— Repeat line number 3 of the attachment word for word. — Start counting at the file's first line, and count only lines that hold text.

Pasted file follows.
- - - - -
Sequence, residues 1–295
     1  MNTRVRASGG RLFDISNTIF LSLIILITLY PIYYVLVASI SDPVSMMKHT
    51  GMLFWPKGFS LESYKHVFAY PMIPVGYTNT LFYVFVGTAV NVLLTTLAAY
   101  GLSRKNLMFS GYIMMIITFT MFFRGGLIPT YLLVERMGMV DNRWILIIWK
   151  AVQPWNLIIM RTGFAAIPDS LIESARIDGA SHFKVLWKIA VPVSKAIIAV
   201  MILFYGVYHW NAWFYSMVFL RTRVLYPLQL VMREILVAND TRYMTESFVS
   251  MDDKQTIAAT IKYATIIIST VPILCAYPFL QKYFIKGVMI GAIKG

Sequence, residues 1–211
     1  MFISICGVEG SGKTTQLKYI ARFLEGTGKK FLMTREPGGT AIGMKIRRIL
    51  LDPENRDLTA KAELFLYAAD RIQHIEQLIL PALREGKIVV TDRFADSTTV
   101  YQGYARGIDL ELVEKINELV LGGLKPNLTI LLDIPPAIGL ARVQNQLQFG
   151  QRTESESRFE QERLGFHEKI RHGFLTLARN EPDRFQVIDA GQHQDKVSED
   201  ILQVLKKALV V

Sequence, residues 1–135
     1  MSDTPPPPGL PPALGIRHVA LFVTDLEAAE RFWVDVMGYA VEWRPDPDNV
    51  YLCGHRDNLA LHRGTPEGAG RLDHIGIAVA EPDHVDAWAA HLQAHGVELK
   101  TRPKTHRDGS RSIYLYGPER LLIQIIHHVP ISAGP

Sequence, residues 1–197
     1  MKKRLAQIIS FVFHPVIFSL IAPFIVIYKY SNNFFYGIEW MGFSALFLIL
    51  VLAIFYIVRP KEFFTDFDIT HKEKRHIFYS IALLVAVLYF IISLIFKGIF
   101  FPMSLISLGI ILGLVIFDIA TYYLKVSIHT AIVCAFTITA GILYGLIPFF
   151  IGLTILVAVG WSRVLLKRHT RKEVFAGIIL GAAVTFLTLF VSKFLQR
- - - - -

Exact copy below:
    51  GMLFWPKGFS LESYKHVFAY PMIPVGYTNT LFYVFVGTAV NVLLTTLAAY